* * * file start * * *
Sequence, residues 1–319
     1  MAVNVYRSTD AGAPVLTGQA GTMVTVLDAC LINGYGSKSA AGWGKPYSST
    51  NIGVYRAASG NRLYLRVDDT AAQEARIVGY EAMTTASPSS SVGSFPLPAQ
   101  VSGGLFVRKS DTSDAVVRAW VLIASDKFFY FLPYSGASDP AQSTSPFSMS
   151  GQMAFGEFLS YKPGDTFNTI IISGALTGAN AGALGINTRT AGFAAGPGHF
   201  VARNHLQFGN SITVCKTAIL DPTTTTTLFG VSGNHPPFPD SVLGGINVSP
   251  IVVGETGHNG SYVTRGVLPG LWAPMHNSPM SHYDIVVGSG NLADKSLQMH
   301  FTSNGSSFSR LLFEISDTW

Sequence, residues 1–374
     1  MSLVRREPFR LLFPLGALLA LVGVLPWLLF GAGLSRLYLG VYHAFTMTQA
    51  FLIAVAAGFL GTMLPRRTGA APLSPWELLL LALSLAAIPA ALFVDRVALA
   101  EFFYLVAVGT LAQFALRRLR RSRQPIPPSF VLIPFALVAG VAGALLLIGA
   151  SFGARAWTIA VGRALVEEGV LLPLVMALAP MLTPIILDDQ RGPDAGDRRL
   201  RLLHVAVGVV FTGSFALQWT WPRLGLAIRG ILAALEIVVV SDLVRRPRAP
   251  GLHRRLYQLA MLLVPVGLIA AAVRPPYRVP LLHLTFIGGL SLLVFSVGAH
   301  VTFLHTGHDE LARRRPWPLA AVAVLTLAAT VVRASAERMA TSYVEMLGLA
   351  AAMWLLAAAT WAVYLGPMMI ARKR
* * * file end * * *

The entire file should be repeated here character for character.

Sequence, residues 1–319
     1  MAVNVYRSTD AGAPVLTGQA GTMVTVLDAC LINGYGSKSA AGWGKPYSST
    51  NIGVYRAASG NRLYLRVDDT AAQEARIVGY EAMTTASPSS SVGSFPLPAQ
   101  VSGGLFVRKS DTSDAVVRAW VLIASDKFFY FLPYSGASDP AQSTSPFSMS
   151  GQMAFGEFLS YKPGDTFNTI IISGALTGAN AGALGINTRT AGFAAGPGHF
   201  VARNHLQFGN SITVCKTAIL DPTTTTTLFG VSGNHPPFPD SVLGGINVSP
   251  IVVGETGHNG SYVTRGVLPG LWAPMHNSPM SHYDIVVGSG NLADKSLQMH
   301  FTSNGSSFSR LLFEISDTW

Sequence, residues 1–374
     1  MSLVRREPFR LLFPLGALLA LVGVLPWLLF GAGLSRLYLG VYHAFTMTQA
    51  FLIAVAAGFL GTMLPRRTGA APLSPWELLL LALSLAAIPA ALFVDRVALA
   101  EFFYLVAVGT LAQFALRRLR RSRQPIPPSF VLIPFALVAG VAGALLLIGA
   151  SFGARAWTIA VGRALVEEGV LLPLVMALAP MLTPIILDDQ RGPDAGDRRL
   201  RLLHVAVGVV FTGSFALQWT WPRLGLAIRG ILAALEIVVV SDLVRRPRAP
   251  GLHRRLYQLA MLLVPVGLIA AAVRPPYRVP LLHLTFIGGL SLLVFSVGAH
   301  VTFLHTGHDE LARRRPWPLA AVAVLTLAAT VVRASAERMA TSYVEMLGLA
   351  AAMWLLAAAT WAVYLGPMMI ARKR